Improved Cornering techniques (Advanced)

So you’re pretty good at cornering. You understand the fundamentals of cornering, your body position consistently matches that of the INTERMEDIATE riding position and you are looking to progress to the next level.

For the purpose of this website, and the type of riding we do, we are not going to go into HANGING OFF the side of your bike to ride ON THE EDGE or on the track.

So how can I improve cornering then?

If you want to improve cornering on your motorcycle, don’t focus on your cornering speed but rather your timing, accuracy AND smoothness. Once you’ve mastered this in accordance with your BASIC and INTERMEDIATE cornering skills, it comes down to one thing – your APPROACH to a corner.

A very high percentage of riders have a problem when “approaching” a corner or curve.

APPROACHING consists of five things:

1: Slowing down

2: Choosing the Line

3: Turning-in (leaning) AND THEN, it continues to…

4: Cornering

5: Exiting with Acceleration

Again…the most important part is….”Never focus on speed but accuracy and smoothness”.

Braking

ScreenHunter_132 Jul. 20 21.46So why do most riders struggle with their approach? It’s their braking technique. As you know, before you make a turn, you’ve got to adjust speed and posture. Let’s talk about good braking technique.

 

 

The steps for braking on APPROACHING a corner are as follows

  1. See and judge the corner ahead.
  2. Veer to the outside of the lane.
  3. Consider your desired riding position for the curve ahead.
  4. Start applying REAR BRAKE first.
  5. Start applying FRONT BRAKE slightly after the REAR.
  6. Bring your body upright a little, even at a slower speed-range, to use wind resistance.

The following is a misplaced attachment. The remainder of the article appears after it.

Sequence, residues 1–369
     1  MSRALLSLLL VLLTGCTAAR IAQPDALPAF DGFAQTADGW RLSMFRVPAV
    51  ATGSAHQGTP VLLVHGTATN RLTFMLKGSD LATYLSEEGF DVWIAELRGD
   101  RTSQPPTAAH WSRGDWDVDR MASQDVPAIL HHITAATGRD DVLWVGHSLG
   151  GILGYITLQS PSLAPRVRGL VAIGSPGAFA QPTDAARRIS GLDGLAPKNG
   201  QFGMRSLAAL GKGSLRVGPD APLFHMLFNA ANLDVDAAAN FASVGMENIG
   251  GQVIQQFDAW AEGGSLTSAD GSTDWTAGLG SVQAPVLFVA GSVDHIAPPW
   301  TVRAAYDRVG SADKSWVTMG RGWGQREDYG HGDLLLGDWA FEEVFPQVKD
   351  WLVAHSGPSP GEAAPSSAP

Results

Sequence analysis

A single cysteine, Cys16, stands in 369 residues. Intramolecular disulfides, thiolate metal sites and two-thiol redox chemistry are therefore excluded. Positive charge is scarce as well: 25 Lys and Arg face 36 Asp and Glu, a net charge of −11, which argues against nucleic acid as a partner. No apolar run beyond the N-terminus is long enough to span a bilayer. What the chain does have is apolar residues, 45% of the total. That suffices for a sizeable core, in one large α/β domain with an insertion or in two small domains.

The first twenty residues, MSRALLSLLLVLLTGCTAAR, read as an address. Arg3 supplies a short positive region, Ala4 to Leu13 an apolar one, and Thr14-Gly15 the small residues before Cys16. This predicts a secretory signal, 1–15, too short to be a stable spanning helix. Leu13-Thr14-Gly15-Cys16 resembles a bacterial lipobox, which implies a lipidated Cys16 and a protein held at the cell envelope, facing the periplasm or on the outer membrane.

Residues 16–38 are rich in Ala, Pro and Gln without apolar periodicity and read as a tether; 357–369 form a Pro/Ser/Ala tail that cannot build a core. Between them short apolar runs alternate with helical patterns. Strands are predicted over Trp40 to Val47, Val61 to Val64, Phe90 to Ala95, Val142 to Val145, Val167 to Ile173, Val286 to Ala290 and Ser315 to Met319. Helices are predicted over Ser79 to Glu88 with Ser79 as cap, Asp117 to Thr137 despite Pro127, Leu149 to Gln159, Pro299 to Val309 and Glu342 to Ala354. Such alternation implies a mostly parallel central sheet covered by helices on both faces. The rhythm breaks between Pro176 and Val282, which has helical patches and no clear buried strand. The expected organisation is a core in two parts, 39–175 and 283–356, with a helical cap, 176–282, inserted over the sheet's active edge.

7. Momentum will move your body forward as you apply braking, so adjust the weight balance of front & back.
  8. Brace your body with your abs and your feet (around the ankle)…NEVER brace with your arms.
  9. Gear down one gear at a time and apply both front and back brakes simultaneously.
  10. Finish adjusting speed before getting to the “turn-in” (start leaning) zone.
  11. Just before entering the “turn-in” zone, turn your HEAD & CHEST towards the exit of corner….prepare for leaning.

Time to corner

The time of executing steps 1~11 will take only 2~3 seconds. Let’s make it 3 seconds, for example, here are some math calculations.

  • If you’re riding on the highway at 100 km/h, your speed will give you approximately 30 metres/sec to do all the steps. So, start preparing the above 1~11 skills, 90 metres before the corner.
  • If riding at 80 km/h, your speed will give you about 24 metres/sec, so start preparing the above 1~11 skills 72 meters before the corner.
  • If riding at 60 km/h, you have 18metres/sec so start preparing at 54 metres before the corner.

Why apply rear brake before the front?

 

When you want to brake with the shortest possible braking distance, you start by using the rear brake. Of course, you don’t slam it. In fact, you only use the rear brake to start a process of shifting weight from the rear to the front wheel. This will cause the springs to contract, which will decrease the chance of a lifting rear wheel, and ultimately a lock-up.

 

By using the rear brake first, there is already more weight on the front wheel at the moment that you start using the front brake. Because of that, you can squeeze the front brake harder than when you would have started braking with the front brake.

But even then, it is not advisable to squeeze the front brake as hard as you can, at least not in the beginning. You should start gently and then squeeze on while the weight keeps shifting to the front, because the grip of the front wheel will then be at its best.

Speed

With a lot of speed, you will be able to brake really hard: because of the high speed, shifting the weight to the front will take place with speed as well, and that means that you can start squeezing the front brake earlier.

When you ride fast, even sitting upright will decelerate the bike considerately. On the other side, the same resistance of the air will slow down the shifting of the weight to the front, so even then, start using the rear brake.

Release rear brake

At the moment that you can use start to squeeze the front brake, the opposite is true for the rear brake as there is almost no weight on the rear wheel. So, after touching the rear brake to start the weight shift, either let if off completely or ‘modulate/feather’ it to avoid any rear wheel lockup.

 

 

 

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